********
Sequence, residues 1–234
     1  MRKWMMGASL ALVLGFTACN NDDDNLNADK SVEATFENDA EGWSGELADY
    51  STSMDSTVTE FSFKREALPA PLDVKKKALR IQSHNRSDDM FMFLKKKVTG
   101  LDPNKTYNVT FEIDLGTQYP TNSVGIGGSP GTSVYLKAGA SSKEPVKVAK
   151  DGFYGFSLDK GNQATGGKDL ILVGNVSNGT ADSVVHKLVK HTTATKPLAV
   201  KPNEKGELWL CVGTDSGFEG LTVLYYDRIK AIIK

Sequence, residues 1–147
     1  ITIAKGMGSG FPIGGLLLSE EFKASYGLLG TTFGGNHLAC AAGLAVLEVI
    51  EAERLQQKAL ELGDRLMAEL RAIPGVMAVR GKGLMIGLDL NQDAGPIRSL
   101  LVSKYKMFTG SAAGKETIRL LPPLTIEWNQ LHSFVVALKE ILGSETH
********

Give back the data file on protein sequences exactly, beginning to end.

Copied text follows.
Sequence, residues 1–234
     1  MRKWMMGASL ALVLGFTACN NDDDNLNADK SVEATFENDA EGWSGELADY
    51  STSMDSTVTE FSFKREALPA PLDVKKKALR IQSHNRSDDM FMFLKKKVTG
   101  LDPNKTYNVT FEIDLGTQYP TNSVGIGGSP GTSVYLKAGA SSKEPVKVAK
   151  DGFYGFSLDK GNQATGGKDL ILVGNVSNGT ADSVVHKLVK HTTATKPLAV
   201  KPNEKGELWL CVGTDSGFEG LTVLYYDRIK AIIK

Sequence, residues 1–147
     1  ITIAKGMGSG FPIGGLLLSE EFKASYGLLG TTFGGNHLAC AAGLAVLEVI
    51  EAERLQQKAL ELGDRLMAEL RAIPGVMAVR GKGLMIGLDL NQDAGPIRSL
   101  LVSKYKMFTG SAAGKETIRL LPPLTIEWNQ LHSFVVALKE ILGSETH